Raising Kids Doesn’t Mean Creating Them, but Letting Them Create Themselves
Raising kids doesn’t mean creating little versions of yourself. After all, we’re not talking about machines with no free will.
If you try to do that and prevent your kids from their own self-development, you’ll be limiting them. Sooner or later, this will have consequences.
Teaching them what to think, how to be, and to believe certain truths with no questioning will make them unable to use one of the most valuable abilities they could ever have: self-confidence.
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The parable of the Sufi teacher
A Sufi teacher always told a parable at the end of each lesson, but his students didn’t always understand its meaning.
“Teacher,” a student said one day, in a defiant tone. “You always tell us stories but you never explain their meaning.”
“I’m sorry,” apologized the teacher, “but allow me to make up for my mistake by giving you a delicious peach.”
“Thank you, teacher.”
“But I would like to thank you in a worthy way. Will you let me peel the peach for you?”
“Yes, thank you very much,” the student said, surprised and pleased by the teacher’s kind offer.
“Since I already have the knife in my hand, would you like me to cut it up for you so you can eat it more comfortably?”
“I would love that, but I don’t want to abuse your generosity, teacher.”
“It’s not abuse if I offer it. I just want to please you as much as I can. Allow me to chew it up for you too before I give it to you.”
“No, teacher, I don’t want you to do that!” the disciple cried out, surprised and displeased.
The teacher paused, smiled, and said, “If I explain the meaning of every one of my stories to my students, it would be like giving them chewed fruit.”
You are the protagonist of your own life
Self-determination in kids means that whatever they chose, they will be the protagonists of their own lives, because that’s how it should be.
Even if they’re little, there’s no reason you should give them “chewed fruit.” Mistakes, messing up, and having the ability to choose must be present from early on.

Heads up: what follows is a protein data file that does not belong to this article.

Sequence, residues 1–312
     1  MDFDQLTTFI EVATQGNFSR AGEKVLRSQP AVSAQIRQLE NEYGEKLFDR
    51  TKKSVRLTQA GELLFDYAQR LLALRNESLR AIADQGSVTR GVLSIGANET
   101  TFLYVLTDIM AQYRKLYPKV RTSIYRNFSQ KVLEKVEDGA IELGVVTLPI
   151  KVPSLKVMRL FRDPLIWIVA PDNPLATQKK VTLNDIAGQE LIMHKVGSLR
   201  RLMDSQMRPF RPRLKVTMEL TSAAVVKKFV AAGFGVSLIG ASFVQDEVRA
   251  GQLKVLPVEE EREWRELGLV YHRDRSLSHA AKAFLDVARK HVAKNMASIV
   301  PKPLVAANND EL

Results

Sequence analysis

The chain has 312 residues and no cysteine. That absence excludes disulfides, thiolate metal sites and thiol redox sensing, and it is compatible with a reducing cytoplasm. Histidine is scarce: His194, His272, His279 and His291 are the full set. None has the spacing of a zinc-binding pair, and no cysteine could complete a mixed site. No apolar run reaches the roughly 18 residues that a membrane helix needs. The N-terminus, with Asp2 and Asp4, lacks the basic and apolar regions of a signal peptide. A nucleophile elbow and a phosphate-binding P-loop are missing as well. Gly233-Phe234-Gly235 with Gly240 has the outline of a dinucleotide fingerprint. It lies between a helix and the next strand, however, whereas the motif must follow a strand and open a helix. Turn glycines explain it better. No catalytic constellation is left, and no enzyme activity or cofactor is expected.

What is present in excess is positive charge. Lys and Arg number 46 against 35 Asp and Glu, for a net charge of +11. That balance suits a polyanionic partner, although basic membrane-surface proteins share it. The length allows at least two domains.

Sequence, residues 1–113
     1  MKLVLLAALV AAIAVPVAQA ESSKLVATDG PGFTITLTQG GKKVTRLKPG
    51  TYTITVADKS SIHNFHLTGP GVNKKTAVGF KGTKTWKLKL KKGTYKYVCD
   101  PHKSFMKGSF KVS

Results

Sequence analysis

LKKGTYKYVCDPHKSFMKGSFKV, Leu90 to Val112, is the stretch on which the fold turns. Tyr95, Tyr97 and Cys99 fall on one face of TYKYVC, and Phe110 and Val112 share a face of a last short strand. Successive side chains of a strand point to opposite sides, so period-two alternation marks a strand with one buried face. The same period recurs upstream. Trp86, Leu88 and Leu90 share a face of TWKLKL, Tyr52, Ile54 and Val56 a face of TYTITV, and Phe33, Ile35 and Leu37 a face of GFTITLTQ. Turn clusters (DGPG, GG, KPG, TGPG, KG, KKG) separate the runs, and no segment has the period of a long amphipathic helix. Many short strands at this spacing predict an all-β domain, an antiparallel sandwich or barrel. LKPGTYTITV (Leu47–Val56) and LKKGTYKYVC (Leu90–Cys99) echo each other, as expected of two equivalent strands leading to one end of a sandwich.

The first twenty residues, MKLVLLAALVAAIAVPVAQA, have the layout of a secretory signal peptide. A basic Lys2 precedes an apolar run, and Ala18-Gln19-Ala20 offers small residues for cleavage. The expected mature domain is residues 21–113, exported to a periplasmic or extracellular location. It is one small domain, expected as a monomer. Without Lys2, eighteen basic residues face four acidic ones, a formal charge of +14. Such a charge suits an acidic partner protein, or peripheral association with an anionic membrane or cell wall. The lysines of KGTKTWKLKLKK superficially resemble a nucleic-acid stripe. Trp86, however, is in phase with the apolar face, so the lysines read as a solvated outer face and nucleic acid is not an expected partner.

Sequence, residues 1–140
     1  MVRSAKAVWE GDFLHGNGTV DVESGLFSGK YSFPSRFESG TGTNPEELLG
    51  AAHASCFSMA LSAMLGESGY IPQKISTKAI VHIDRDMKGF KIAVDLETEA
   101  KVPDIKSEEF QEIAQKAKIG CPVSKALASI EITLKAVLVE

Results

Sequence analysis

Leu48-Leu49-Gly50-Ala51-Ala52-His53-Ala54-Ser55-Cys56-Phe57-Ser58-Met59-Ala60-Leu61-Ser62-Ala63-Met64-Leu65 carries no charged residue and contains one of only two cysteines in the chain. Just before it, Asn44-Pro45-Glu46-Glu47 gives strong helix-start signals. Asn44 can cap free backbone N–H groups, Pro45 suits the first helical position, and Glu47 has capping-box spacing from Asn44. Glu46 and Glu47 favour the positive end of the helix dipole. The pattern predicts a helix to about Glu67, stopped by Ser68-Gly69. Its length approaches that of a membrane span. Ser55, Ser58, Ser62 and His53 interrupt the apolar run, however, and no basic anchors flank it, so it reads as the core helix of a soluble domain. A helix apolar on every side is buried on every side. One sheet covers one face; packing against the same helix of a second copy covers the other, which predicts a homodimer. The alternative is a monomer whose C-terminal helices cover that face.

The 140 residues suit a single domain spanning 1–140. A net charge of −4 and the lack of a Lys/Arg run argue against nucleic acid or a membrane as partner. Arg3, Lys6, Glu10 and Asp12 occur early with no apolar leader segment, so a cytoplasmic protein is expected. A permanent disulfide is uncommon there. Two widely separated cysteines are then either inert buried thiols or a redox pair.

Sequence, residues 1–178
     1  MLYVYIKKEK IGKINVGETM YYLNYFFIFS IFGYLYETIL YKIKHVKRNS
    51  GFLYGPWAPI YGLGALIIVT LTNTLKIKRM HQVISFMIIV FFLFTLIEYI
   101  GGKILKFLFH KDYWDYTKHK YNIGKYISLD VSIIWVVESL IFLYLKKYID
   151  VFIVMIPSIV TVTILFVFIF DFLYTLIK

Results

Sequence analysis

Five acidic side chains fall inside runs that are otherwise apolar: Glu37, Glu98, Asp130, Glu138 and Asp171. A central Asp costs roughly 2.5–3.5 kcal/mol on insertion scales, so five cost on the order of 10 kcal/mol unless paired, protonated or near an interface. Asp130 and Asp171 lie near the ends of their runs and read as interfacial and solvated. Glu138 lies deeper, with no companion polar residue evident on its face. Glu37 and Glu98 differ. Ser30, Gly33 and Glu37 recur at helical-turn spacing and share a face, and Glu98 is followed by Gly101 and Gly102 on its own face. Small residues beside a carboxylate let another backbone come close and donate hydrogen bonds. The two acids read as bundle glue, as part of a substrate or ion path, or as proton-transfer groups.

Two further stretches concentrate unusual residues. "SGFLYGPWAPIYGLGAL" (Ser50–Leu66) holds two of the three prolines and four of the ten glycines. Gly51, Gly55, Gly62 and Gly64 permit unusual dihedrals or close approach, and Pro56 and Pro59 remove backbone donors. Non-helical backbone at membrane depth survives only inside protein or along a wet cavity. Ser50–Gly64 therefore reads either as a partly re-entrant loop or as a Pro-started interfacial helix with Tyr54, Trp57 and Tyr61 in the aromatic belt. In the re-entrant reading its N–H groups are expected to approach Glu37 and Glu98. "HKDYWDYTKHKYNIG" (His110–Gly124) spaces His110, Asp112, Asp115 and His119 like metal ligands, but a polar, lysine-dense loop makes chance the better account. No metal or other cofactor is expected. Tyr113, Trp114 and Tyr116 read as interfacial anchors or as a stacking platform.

It’s the ideal time to teach them good practices so they know how to manage their emotions, learn from everything they do, and know that they can get back up after they fall.
However, so many parents want to be the protagonists in their children’s lives. They tell them how to think, act, and choose.
Switching out an absolute truth for a challenge will be good for even the littlest children. It will help them make decisions, reflect, and observe what is happening.
They will begin to believe in their own capabilities, and only then will they be able to feel secure and start to face their biggest fears.
Educating isn’t creating, but allowing
Educating isn’t creating, but rather allowing children to build their own path. Consider the possibility that not allowing this may sometimes have long-lasting effects.
For example, let’s consider the young adults that get to college, clearly lacking any motivation because their parents forced them to choose a particular major.
Why not let your children fly? Why not let them pursue what they want? Maybe this is the fruit of their parents’ fears and insecurities.
But time is running out for these children, since they’re wasting it on things they’re not interested in.
All of this is why it’s necessary to give wings to your little ones’ thoughts, foster good judgment and always avoiding spoon-feeding answers.
How can you do this?
- Have your kids to do chores that don’t give them too much stress or anxiety. This way, they’ll see that they are competent and capable.
- Let them fly solo, giving them space to themselves where they feel like they have the control to find their own answers.
- Always support them, but without determining what they do. Make sure they know they can count on your support.
Before you go, learn Montessori Techniques that Can Help Handle Your Child’s Anger
It’s normal to want to raise your kids just like you were raised. However, you need to open your eyes to keep from making the same mistakes that affected you.
Always remember that educating isn’t creating, but allowing even the littlest children to believe in themselves so they can shine.
Principal image courtesy of wikiHow.com